This year, 550,000 tons of Ilish likely to be produced due to the successful drive against illegal netting of jatka
People will get more delicious Ilish on their plates this year, thanks to a drop in river pollution due to restricted river transport movement for several months amid the coronavirus pandemic, says an expert.
Dr Anisur Rahman, a renowned Ilish expert at the Fisheries Research Institute, Chandpur, made these observations while talking to UNB.
"We have examined the river water and found that the pollution level in the river has gone down due to the suspension of river vessel movement amid the Covid-19 pandemic. The condition of the river was quite congenial for the availability of fish food. So, this year's Ilish will be more delicious, more flavorful," he said.
Ilish is now available in local markets due to the rise in river water levels and rain, though usually August, September, and October are the peak time to have Ilish, he said.
"This year, 550,000 tons of Ilish are expected to due to the successful drive against illegal netting of jatka (Ilish fry) in the river, which is more than the previous year," said Dr Anisur.
In Chandpur, the Boro Station fish market, the largest wholesale fish market, was flooded with Ilish.
However, the price is still high.
Abdul Khalek, a trader in the fish market, said: "Ilish is pricier as a big size of the fish is selling at Tk1,750 per kg."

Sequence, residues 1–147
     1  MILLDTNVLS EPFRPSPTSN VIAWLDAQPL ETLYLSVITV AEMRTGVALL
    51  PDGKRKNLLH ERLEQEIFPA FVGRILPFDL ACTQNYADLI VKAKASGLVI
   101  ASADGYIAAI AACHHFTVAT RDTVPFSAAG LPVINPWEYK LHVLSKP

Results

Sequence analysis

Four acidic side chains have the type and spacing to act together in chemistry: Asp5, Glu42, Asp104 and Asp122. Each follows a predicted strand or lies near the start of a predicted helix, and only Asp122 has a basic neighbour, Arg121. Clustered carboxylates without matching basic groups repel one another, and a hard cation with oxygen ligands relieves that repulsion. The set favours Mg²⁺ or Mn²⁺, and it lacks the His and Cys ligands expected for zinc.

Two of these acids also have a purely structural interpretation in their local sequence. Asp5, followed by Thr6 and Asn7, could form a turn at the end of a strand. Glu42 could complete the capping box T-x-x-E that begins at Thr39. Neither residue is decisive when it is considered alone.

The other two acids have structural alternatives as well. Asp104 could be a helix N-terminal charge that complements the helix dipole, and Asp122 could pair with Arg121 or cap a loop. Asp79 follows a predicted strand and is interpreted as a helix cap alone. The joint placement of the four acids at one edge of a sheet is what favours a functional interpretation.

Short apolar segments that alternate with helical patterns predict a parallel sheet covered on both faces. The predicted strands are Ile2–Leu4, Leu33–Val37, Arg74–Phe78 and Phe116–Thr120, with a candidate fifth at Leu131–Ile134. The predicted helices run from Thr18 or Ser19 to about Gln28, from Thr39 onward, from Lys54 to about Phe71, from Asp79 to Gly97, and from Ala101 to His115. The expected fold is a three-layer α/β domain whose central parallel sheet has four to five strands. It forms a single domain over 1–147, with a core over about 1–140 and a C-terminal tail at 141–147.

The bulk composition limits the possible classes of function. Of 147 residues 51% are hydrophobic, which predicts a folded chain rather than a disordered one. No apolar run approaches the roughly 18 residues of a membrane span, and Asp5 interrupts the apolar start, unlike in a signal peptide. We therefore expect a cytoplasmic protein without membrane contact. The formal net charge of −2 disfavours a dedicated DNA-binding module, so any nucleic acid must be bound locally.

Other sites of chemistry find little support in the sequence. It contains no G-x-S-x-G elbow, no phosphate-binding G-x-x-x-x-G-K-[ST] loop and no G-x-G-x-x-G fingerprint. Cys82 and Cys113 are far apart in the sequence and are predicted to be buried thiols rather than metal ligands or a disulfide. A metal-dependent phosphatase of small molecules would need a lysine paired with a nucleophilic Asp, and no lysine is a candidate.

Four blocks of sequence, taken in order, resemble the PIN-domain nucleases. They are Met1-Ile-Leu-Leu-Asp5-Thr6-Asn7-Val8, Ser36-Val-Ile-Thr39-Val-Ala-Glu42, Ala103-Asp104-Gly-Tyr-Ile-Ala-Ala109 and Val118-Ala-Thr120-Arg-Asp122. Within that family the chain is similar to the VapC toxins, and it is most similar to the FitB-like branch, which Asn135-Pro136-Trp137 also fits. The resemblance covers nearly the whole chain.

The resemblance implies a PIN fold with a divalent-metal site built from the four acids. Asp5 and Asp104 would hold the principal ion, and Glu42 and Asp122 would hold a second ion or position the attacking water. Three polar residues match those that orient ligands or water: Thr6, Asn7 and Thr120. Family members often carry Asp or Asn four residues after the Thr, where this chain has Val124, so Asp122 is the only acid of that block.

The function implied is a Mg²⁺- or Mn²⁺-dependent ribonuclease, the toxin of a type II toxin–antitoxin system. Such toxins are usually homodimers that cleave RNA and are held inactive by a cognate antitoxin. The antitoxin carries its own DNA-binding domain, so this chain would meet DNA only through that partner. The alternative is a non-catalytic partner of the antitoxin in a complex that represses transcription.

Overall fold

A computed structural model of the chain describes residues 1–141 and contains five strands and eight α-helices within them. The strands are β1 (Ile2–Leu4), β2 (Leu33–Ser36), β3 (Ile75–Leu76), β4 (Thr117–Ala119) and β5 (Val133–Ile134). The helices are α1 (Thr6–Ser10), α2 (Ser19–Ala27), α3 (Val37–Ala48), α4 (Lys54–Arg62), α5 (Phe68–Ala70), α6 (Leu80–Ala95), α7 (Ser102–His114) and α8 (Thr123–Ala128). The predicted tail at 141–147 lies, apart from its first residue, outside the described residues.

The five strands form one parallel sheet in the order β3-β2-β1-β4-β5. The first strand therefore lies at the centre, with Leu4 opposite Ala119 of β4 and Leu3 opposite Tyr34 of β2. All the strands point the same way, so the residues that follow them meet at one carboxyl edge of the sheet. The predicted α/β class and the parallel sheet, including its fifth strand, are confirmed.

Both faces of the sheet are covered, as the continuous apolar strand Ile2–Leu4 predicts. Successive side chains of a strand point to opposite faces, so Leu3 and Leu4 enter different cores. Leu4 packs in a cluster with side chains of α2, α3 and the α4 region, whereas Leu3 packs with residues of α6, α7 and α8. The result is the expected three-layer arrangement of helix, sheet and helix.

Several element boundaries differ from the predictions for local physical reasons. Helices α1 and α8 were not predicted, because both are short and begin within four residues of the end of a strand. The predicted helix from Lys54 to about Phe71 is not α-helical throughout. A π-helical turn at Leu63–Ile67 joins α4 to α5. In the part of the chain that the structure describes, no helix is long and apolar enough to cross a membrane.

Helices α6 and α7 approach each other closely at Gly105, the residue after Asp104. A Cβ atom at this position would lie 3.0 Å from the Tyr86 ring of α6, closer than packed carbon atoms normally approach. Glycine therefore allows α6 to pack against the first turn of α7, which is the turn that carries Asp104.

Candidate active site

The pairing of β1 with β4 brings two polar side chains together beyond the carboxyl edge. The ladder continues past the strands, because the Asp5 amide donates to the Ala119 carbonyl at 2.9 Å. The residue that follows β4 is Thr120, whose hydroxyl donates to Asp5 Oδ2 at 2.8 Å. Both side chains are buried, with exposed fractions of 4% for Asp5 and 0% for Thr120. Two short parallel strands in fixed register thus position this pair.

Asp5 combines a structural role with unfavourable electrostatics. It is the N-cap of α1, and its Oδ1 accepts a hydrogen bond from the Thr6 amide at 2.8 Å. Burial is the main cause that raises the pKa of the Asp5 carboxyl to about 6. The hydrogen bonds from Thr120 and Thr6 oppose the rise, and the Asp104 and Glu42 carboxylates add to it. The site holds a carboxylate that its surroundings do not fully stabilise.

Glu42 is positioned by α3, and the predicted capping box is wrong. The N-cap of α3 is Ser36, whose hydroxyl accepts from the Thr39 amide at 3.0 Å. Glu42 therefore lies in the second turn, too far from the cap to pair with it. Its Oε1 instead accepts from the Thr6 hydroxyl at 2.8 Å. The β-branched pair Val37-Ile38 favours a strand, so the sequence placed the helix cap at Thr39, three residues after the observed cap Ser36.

In local fish markets, a one kg Ilish is selling for Tk1,000, an 800 gram Ilish for Tk700 to Tk800, and a half kg Ilish for Tk500 to Tk600.
Covid-19 hits customer turnout
Traders also said they are now facing a shortage of customers due to the coronavirus situation.
People from various parts of the country, including Dhaka, used to come to the fish market by launch, motorbike, train and other transport to buy Ilish, but the number of customers is now low due to the Covid-19 outbreak.
Rabbi, a fish trader, said they are now idle due to lack of customers and the sale of packets and cartons used for transporting fish from one place to another is also poor.
At the Boro Station fisheries ghat, a large number of fishing trawlers and pickup vans were coming in with Ilish netted in the coastal areas of Bhola, Char Fashion, Alexandar, Hatia, and Kamalnagar in Lakshmipur and other nearby areas.
Abdul Khalek, president of Matshya Banik Shamity, said: "Ilish is coming to the ghat area on trawlers and trucks due to its availability in the river for the last four to five days. Workers are busy loading and unloading fish from morning till night with 2,000 to 3,000 maunds of Ilish being traded from the ghat every day."
Traders, mostly from Karwan Bazar, Azampur, Bypile, Pubail, Gazipur, Kishoreganj, Tangail, and Mymensingh, come to the area and purchase fish from the wholesale market along the ghat area.
Trader Sahabuddin Sardar said: "We have bought Ilish from the ghat area and are selling it in different parts of the country."
Last year, the Food and Agriculture Organization (FAO) ranked Bangladesh as the fifth biggest aquaculture producer in the world. Aquaculture or aqua farming is defined by FAO as the production of fish, crustaceans, mollusks, and marine plants.
Meanwhile, Ilish production has jumped from 298,000 tons in fiscal year 2008-09, to almost 500,000 tons in 2017-18, according to the Ministry of Fisheries and Livestock.